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Thermally Insulating and Moisture-Resilient Foams Based on Upcycled Aramid Nanofibers and Nanocellulose
Stockholm University, Faculty of Science, Department of Materials and Environmental Chemistry (MMK).ORCID iD: 0000-0003-4527-2504
Stockholm University, Faculty of Science, Department of Materials and Environmental Chemistry (MMK).ORCID iD: 0000-0002-3392-1741
Stockholm University, Faculty of Science, Department of Materials and Environmental Chemistry (MMK).ORCID iD: 0000-0002-5980-1641
Stockholm University, Faculty of Science, Department of Materials and Environmental Chemistry (MMK).ORCID iD: 0000-0002-5702-0681
Number of Authors: 42023 (English)In: Advanced Materials, ISSN 0935-9648, E-ISSN 1521-4095, Vol. 35, no 48, article id 2305195Article in journal (Refereed) Published
Abstract [en]

Low-density foams and aerogels based on upcycled and bio-based nanofibers and additives are promising alternatives to fossil-based thermal insulation materials. Super-insulating foams are prepared from upcycled acid-treated aramid nanofibers (upANFA) obtained from Kevlar yarn and tempo-oxidized cellulose nanofibers (CNF) from wood. The ice-templated hybrid upANFA/CNF-based foams with an upANFA content of up to 40 wt% display high thermal stability and a very low thermal conductivity of 18–23 mW m−1 K−1 perpendicular to the aligned nanofibrils over a wide relative humidity (RH) range of 20% to 80%. The thermal conductivity of the hybrid upANFA/CNF foams is found to decrease with increasing upANFA content (5–20 wt%). The super-insulating properties of the CNF-upANFA hybrid foams are related to the low density of the foams and the strong interfacial phonon scattering between the very thin and partially branched upANFA and CNF in the hybrid foam walls. Defibrillated nanofibers from textiles are not limited to Kevlar, and this study can hopefully inspire efforts to upcycle textile waste into high-performance products.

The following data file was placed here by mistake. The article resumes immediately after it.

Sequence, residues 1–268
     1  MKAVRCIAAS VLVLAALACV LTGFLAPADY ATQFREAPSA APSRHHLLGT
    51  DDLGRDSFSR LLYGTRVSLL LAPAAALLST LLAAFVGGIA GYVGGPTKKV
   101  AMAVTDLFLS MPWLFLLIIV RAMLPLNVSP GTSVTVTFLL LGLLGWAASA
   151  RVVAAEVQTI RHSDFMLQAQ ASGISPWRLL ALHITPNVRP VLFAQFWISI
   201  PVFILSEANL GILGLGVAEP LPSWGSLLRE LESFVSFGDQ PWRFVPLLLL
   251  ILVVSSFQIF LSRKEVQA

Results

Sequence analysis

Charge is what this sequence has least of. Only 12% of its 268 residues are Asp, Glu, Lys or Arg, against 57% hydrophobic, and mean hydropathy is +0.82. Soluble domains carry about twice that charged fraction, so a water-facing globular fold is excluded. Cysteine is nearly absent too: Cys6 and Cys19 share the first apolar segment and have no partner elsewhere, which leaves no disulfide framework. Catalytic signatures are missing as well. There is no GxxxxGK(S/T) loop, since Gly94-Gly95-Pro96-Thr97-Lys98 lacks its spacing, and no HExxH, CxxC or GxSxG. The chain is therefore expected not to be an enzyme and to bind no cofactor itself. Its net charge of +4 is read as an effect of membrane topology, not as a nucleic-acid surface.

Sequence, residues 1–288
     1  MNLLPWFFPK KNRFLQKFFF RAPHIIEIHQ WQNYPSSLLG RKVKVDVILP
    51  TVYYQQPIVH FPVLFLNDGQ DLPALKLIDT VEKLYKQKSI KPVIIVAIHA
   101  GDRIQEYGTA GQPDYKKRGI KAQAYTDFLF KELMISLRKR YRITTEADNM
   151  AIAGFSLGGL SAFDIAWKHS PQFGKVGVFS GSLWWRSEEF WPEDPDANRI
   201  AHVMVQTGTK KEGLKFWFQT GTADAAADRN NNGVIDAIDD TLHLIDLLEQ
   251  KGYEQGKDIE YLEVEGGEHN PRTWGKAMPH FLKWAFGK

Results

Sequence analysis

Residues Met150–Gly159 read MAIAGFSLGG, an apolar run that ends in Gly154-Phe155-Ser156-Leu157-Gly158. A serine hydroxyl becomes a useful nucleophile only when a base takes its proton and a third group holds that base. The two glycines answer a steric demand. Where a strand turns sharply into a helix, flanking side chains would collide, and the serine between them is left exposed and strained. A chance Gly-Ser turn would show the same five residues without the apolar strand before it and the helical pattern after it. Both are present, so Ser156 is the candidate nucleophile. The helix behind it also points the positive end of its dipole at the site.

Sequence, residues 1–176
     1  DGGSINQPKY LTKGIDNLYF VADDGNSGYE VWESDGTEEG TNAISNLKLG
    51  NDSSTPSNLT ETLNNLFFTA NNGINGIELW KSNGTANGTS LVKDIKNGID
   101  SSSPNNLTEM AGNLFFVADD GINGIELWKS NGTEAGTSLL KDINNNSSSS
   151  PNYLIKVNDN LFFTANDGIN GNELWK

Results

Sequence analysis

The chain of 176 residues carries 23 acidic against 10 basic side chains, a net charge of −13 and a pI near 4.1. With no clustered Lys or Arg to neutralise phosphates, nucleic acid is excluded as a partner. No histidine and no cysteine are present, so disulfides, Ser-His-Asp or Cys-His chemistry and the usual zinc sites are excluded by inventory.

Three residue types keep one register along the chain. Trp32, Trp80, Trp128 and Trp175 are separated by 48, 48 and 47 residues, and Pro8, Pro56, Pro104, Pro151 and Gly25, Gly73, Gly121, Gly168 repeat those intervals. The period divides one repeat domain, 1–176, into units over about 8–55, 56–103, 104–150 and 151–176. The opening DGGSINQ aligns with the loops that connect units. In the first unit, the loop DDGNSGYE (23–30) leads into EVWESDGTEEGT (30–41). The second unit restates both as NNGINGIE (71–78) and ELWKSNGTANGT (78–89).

Place, publisher, year, edition, pages
2023. Vol. 35, no 48, article id 2305195